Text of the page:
Actin patches (green) around endocytosed material (red) ride actin cables out of the bud (left to right).

On page 519, Huckaba et al. show that endosomes ride an actin-based conveyor belt from bud to mother cell in yeast. This passive mode of transport may replenish membrane fusion components needed for polarized secretion.

Lots of polarized secretion is needed to build a new bud. Secretory vesicles are brought into the bud via active transport along actin cables. These cables are actin bundles that are lengthened by the addition of new actin at the bud site, which thereby produces a rearward flow of actin into the mother cell.

This rearward flow is now shown to carry another actin structure, called an actin patch, into the mother cell. Using an endocytosed label, the authors demonstrate that patches are the actin-rich coats of endosomes. After budding off the membrane at secretion sites, where actin patches are enriched, many endosomes latched onto actin cables and rode them into the mother cell at the rate of the cables' rearward actin flow. Retrograde actin flow is common among higher eukaryotes, where it may also drive vesicle movement.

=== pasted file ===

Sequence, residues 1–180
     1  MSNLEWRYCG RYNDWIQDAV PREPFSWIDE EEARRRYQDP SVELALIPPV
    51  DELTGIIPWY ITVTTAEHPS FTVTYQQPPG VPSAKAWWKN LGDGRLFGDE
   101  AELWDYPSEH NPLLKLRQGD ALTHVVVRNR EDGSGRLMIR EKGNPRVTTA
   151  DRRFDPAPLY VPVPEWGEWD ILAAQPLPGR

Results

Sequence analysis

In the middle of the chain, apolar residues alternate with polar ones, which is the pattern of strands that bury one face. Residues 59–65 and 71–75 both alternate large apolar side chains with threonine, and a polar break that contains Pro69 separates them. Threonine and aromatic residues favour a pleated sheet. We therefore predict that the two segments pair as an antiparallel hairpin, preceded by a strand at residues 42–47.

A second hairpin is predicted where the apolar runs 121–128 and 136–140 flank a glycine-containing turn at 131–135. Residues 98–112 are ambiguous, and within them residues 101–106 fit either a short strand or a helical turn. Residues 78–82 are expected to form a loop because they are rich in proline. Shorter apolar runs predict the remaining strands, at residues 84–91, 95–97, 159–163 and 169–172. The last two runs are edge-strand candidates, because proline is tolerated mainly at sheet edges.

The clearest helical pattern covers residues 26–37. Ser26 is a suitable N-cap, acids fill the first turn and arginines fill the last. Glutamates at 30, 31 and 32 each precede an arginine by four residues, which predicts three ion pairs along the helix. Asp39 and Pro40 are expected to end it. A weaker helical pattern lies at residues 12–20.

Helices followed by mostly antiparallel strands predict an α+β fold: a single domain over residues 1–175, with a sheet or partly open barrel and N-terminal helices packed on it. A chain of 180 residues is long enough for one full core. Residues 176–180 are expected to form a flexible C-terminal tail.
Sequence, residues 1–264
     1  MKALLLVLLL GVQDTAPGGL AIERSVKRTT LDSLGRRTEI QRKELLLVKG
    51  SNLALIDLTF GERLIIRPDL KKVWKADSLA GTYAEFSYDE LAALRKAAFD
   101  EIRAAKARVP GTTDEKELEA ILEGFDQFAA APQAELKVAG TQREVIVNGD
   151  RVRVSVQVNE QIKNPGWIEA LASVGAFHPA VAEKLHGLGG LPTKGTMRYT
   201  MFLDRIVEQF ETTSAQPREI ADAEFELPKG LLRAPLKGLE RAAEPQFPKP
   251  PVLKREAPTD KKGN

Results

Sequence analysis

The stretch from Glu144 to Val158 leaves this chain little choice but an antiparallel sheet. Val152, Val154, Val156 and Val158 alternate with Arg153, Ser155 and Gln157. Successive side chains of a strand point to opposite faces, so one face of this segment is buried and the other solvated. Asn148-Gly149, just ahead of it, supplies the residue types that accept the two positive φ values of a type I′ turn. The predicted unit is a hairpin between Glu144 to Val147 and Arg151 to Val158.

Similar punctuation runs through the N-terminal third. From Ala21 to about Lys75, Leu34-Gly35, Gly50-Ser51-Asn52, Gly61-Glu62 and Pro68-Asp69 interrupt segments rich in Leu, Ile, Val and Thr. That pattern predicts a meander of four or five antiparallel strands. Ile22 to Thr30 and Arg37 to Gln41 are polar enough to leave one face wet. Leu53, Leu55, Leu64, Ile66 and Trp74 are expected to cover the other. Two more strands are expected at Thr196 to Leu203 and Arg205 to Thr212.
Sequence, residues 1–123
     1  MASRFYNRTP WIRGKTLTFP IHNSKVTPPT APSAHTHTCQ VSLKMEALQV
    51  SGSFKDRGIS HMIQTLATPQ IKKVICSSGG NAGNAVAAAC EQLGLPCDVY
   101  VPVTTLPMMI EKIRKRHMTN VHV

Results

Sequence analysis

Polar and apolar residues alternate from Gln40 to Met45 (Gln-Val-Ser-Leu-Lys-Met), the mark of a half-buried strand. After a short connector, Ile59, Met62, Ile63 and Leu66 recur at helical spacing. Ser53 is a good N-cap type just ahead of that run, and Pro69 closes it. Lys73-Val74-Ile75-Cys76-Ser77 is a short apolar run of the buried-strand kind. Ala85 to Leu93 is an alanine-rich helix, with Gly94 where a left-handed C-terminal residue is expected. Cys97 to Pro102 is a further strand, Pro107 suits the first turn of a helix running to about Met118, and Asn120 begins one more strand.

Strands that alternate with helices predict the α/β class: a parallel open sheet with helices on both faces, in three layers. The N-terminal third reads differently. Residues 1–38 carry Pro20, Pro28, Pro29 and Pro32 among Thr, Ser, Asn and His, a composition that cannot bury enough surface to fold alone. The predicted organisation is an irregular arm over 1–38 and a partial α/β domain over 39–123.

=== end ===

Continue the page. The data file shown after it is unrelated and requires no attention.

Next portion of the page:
The patches disassembled when the vesicles met, and presumably fused with, endosomal sorting compartments, from which SNAREs and other secretion proteins can be recycled. Some endosomes avoided cables and remained in the bud. Perhaps the ability to latch onto cables is only present in vesicles containing certain cargoes.